This is the third in a series of posts about restricted stock discounts. In the first post, we examined the Silber Study, which should have told all appraisers that the use of averages of restricted stock studies to estimate marketabilty discounts for illiquid minority interests of private companies. The second post proved that the only explanation for the difference in restricted share prices and publicly traded prices of issuing companies is something we called the expected holding period premium or HPP.
This third post examines a hypothetical restricted stock transaction from the earlier two year holding period requirement under SEC Rule 144 (prior to the change to a one year holding period in 1997).
We examine a hypothetical transaction.
- The freely traded price is $10.00 per share
- The restricted stock transaction price is $7.50 per share
- The issuing company pays no dividends and reinvests earnings to finance future growth
- The restricted stock discount is 25%
- The restricted stock minimum holding period is two years
- There are additional restrictions under the “dribble-out” rules for large blocks, and this is a large block
We show the restricted stock discount in Exhibit 8.13 from the third edition of Business Valuation: An Integrated Theory, which will be available on Amazon.com and from other booksellers in mid-October. Look first at the vertical axis, which shows the two prices noted above.
To address the 25% restricted stock discount, we must look at expectations regarding the public company and for the restricted stock purchasers on the transaction date. In the last post, we showed that the discount is caused by additional risk to the restricted shares relative to freely traded shares. In this post, we unpack that observation.
Assume in Exhibit 8.13 that the required return for the issuing public company is 10%. The expected growth in value, given no dividends, is 10% per year. So the expectations embedded in the public stock pricing is for growth in value of 10% per year – to $11.00 per share in year one, and to $12.10 per share by the end of year two.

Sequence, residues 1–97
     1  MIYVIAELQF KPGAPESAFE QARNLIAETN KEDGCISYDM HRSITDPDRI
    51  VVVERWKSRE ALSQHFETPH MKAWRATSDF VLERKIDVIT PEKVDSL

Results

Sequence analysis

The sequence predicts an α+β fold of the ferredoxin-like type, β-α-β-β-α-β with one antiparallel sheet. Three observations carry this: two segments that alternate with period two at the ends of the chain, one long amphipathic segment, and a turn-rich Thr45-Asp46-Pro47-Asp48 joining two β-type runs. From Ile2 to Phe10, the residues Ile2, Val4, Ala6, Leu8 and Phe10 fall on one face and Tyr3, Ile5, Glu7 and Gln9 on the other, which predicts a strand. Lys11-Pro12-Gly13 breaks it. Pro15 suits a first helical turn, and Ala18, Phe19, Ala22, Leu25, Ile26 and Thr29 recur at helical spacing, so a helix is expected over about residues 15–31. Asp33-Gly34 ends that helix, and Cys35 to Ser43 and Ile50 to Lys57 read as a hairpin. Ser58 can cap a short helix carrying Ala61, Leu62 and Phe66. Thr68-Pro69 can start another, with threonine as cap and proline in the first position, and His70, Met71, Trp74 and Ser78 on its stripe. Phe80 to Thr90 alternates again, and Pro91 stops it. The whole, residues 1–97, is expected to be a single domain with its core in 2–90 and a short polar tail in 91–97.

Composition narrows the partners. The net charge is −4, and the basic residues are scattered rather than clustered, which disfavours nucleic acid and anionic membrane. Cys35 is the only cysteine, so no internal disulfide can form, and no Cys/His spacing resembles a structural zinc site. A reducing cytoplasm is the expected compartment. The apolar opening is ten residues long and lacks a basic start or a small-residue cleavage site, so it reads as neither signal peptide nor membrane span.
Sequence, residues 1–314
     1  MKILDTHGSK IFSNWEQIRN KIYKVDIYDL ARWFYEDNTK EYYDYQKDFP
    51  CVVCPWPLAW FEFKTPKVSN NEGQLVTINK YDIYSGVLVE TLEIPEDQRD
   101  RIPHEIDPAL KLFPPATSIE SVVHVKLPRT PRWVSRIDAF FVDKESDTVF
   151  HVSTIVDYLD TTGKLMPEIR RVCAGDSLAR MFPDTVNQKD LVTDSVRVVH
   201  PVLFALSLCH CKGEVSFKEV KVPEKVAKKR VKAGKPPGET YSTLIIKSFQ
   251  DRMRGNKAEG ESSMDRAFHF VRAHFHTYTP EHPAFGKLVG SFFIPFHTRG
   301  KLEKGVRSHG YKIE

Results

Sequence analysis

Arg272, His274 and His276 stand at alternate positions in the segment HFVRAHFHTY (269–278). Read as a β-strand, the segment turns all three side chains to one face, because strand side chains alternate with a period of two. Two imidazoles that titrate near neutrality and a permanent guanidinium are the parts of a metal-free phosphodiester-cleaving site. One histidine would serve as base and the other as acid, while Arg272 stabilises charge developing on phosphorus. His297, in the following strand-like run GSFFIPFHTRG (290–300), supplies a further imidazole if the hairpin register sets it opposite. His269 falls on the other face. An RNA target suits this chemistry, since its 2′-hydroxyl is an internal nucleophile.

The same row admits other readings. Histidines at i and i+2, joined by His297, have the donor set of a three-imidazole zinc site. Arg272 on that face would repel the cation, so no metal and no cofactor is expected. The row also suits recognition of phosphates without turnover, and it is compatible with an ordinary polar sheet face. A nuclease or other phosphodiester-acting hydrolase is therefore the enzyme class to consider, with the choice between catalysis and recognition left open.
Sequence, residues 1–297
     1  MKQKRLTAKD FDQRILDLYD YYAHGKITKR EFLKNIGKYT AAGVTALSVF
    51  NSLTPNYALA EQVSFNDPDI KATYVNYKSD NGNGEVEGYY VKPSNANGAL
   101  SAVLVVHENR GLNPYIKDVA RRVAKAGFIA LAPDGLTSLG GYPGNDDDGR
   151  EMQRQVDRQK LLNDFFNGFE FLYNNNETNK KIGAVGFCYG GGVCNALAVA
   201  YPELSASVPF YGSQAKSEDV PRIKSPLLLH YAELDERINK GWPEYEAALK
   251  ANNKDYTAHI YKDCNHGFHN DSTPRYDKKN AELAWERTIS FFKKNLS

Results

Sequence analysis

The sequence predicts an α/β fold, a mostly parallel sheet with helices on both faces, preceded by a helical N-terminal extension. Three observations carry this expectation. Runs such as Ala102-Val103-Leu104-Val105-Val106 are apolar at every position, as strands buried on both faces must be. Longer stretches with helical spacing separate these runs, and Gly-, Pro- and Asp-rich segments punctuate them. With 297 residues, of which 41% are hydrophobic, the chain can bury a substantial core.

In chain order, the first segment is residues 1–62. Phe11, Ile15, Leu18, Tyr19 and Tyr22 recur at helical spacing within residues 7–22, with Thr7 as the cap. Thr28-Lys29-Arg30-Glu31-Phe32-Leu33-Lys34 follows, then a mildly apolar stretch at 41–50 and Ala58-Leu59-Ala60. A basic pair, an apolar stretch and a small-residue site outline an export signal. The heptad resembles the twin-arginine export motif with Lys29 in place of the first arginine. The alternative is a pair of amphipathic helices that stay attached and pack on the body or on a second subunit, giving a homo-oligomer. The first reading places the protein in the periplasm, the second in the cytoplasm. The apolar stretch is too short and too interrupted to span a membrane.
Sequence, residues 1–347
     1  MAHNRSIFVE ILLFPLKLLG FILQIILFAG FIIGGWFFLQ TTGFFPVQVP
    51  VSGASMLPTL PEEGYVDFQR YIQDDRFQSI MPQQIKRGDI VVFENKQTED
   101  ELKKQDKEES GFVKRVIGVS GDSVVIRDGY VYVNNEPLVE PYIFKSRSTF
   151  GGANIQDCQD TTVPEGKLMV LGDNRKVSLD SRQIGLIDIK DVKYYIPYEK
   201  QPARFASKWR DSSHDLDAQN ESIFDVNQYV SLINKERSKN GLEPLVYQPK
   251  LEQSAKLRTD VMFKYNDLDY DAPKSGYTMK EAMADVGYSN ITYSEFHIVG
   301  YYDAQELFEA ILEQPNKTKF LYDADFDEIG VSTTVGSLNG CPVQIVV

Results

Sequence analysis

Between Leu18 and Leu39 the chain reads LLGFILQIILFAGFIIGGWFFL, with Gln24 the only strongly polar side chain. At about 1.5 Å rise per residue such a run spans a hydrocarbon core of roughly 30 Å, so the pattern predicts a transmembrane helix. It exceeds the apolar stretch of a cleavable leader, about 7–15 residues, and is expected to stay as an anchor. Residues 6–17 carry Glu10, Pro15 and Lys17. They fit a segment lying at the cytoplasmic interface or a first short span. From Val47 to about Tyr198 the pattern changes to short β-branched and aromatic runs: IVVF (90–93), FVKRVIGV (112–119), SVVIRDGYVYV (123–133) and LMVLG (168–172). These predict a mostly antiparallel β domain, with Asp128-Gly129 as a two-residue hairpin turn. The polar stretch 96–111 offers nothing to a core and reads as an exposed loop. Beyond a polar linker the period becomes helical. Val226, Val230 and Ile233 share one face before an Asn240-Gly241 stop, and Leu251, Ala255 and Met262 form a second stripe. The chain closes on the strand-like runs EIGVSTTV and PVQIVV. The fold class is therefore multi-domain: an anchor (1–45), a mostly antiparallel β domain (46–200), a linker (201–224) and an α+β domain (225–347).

Given the size of the block at issue and the trading volume in the public company’s shares, the dribble-out rules will require somewhere between an additional year or two for the investor to obtain full liquidity. The expected growth in value to three years is $13.31 per share and to four years is $14.64 per share.
The expected return for public shareholders is therefore 10% per year over this period based on the transaction date price of $10.00 per share. What about for the restricted share purchasers who purchased their shares for $7.50 per share?
The question for analysis is this: what is the incremental return, or HPP, or expected holding period premium to the 10% discount rate for the public company, that can be inferred by the restricted stock transaction. The answer requires our assumption regarding the expected holding period, which is effectively three to four years. Given the information thus far, we can calculate expected holding period premiums to three and four year expected holding periods. We do so in Exhibit 8.14.
In the exhibit, we calculate the expected future price per share after three and four year holding periods showing the expected future share prices noted just above ($13.31 per share and $14.64 per share, respectively). We have expected future values. The present value from the perspective of restricted share purchasers is $7.50 per share. Given present values for three and four expected holding periods and future values, we can calculate the implied required returns to justify the discounted $7.50 per share transaction price.
The implied Rhps (or expected returns over the holding periods) are 21.1% (three year holding periods) and 18.2% (four year expected holding period). Given the discount rate for the public company of 10%, the implied holding period premiums are 11.1% (three years) and 8.2% (four years).
Astute readers may note that I selected an implied discount rate of 10% for the public company, and that might impact the result. Based on our analysis, the range of implied holding period premiums is only modestly impacted by changes, even significant changes, in the assumed underlying public company discount rate.
If you are reading this series and you are using averages of restricted stock studies as a primary basis for estimating marketability discounts (or DLOMs) for illiquid minority interests of private companies, I hope your discomfort level is rising. In the next post, we will examine some basic and summary information from existing restricted stock studies. Your comfort level will not be helped by this analysis.
This discussion of restricted discounts is based on Chapter 8 of the third edition of Business Valuation: An Integrated Theory (by Travis Harms and me). The book is published by John Wiley & Sons, Inc. You can pre-order your copies on Amazon.com or from your favorite bookseller. You should order personal copies for all of your professionals. We understand that Kindle and other electronic versions will be available by the end of September and that physical books can be delivered by mid-October. The book is approximately 300 pages in length and in a smaller than textbook size. It will not, as many valuation texts, overwhelm you with its length. But it will inform you about valuation theory better than any book on the market.
Travis and I look forward to your comments about this series of blog posts and about the third edition of Business Valuation: An Integrated Theory.
Until the next post on restricted stock discounts and more, be safe and be well!